Delayed campaign sees the light of day

PricewaterhouseCoopers this week launched its first global advertising campaign – five months late. Accountancy Age understands that detailed plans, which included the use of the full range of media, were laid for a launch last October, but were abruptly pulled at the last minute.

The launch was to take the form of a two-stage approach with both ‘hard’ and ‘soft’ elements. The soft launch kicked off early, with staff training and UK PwC chairman Ian Brindle pronouncing: ‘From 1 July, everybody has to be part of PricewaterhouseCoopers.’

The ‘hard’ part also began promisingly enough, with a coffee table-sized brochure produced by global advertising agency Ammirati Puris Lintas.

And then, nothing.

PwC head of corporate affairs Peter Wyman said last week that the campaign was put off because the firm had no track record and the campaign which had been prepared was not exciting enough.

Wyman refused to elaborate. ‘We did not think it was an appropriate time but we wanted to wait until we had bedded the merger down and had got something to say,’ he explained. ‘Anyway, there is no evidence that the business has suffered,’ he added.

The firm has used the services of APL again for its new campaign. One client services director of a major advertising company that specialises in the financial services sector said it was bad practice to dip a toe in the promotional water but then not get in the pool. ‘It is almost not worth bothering to do a brochure if you are not going to do it properly with a sustained process of layered activity because the initial message is lost,’ he said.

So what happened? According to one internal source, in the period after the soft launch, achieving consensus between partners from the former Coopers & Lybrand and Price Waterhouse was so hard that decisions taken by one side were routinely countermanded by their opposite number.

‘We would go and see an ex-PW partner on one day, and then the ex-Coopers partner would call us in and say that we could not do it that way,’ the source said.

Wyman denied that cultural differences between the two sides had scuppered the original advertising campaign but conceded that they were very different in the way that things were done.

‘The discrepancies were in the way that we operated, but it takes a while to work out new processes. After all, we did not get regulatory approval until the end of May, so we only had six weeks before we announced our merger,’ he said.

But according to marketing experts, six weeks is ample time to put together even the most complex of brand-building exercises.

‘Six weeks is not unreasonable to develop a branding campaign, but it could be done in three,’ said one.

Brand-building was important both to inform existing clients and recruit new clients. Clear branding was a vital component in reassuring employees that the company had developed a sense of identity which it could carry through in its work.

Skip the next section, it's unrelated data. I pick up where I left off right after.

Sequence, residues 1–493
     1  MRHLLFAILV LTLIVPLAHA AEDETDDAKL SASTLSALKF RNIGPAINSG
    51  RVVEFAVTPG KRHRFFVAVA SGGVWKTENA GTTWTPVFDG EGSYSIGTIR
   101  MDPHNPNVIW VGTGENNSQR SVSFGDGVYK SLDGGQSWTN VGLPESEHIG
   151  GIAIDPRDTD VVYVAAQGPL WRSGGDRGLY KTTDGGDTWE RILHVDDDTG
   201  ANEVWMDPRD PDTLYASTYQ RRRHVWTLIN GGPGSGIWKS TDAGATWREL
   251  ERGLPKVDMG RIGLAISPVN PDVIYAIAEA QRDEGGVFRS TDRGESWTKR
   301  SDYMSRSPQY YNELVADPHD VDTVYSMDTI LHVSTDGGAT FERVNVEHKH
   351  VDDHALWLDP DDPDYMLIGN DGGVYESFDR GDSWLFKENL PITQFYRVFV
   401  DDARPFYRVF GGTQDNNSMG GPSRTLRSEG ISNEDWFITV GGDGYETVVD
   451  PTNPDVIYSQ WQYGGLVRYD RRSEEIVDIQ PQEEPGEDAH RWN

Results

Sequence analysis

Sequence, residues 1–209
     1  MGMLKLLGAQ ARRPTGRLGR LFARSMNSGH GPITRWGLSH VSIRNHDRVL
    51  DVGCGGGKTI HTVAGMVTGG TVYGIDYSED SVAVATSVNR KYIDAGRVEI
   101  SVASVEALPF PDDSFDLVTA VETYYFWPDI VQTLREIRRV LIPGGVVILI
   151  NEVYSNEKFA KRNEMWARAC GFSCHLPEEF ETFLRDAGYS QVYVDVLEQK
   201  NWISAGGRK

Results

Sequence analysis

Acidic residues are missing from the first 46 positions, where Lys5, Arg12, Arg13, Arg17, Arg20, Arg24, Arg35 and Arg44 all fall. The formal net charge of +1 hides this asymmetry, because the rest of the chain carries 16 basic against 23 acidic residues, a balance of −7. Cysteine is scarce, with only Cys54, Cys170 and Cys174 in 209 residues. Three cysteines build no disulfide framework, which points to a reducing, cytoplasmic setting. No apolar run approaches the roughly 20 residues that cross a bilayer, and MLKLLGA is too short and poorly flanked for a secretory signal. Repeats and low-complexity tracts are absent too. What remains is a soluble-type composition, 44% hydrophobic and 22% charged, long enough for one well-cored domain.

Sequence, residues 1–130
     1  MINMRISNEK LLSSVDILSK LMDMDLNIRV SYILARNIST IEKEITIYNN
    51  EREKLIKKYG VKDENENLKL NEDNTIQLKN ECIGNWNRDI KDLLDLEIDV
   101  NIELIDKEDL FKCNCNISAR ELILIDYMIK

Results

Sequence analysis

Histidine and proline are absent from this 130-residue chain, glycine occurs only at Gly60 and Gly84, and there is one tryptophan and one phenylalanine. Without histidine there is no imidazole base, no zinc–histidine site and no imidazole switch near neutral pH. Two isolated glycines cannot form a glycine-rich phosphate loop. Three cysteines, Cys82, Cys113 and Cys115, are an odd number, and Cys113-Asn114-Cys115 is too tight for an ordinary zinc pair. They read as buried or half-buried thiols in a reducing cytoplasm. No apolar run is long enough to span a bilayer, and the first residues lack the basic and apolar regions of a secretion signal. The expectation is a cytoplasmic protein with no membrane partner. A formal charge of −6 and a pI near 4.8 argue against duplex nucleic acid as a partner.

One Big Five competitor acknowledged that PwC had done well in choosing its name and design for the logo but added that the sheer size of the business could make it difficult to sustain client numbers in the longer term.

‘In an audit review, the two firms went from having a two-in-six chance of winning to a one-in-five chance. Unless it is completely focused, it will lose market share,’ he said.

As Wyman admitted, external audit is also the most visible service that accountancy firms offer, and although PwC has since won the internal auditing work for Diageo, as well as consultancy projects for Abbey National, the market still remembers that PwC lost their audits.

A lack of coherent values could have its most damaging effect on staff.

One insider described having to ‘operate in a void’ for the past year while the firm sorts out its identity.

Again, Wyman retorts by saying employee retention has remained high throughout the merger, despite fears that a downturn in the economy could affect morale.

This campaign heralds not only the ‘hard launch’ of PwC, said Wyman, it also precedes other important changes such as the worldwide introduction this summer of an intranet system to enable staff to manage knowledge more effectively.


The 18-month global campaign, rumoured to be costing around #20m, kicked off this week with a 12-week poster and national newspaper campaign in the UK. It will be supported by similar activity throughout Europe and television advertising on CNN and BBC worldwide.

The campaign will be rolled out across the US in April where it will also include terrestrial television coverage.

The concept behind the work is to communicate to clients and the public the idea that PricewaterhouseCoopers is more than just an audit firm. It will include images of assignments that the firm has been involved in and which have used the firm’s consultancy skills.

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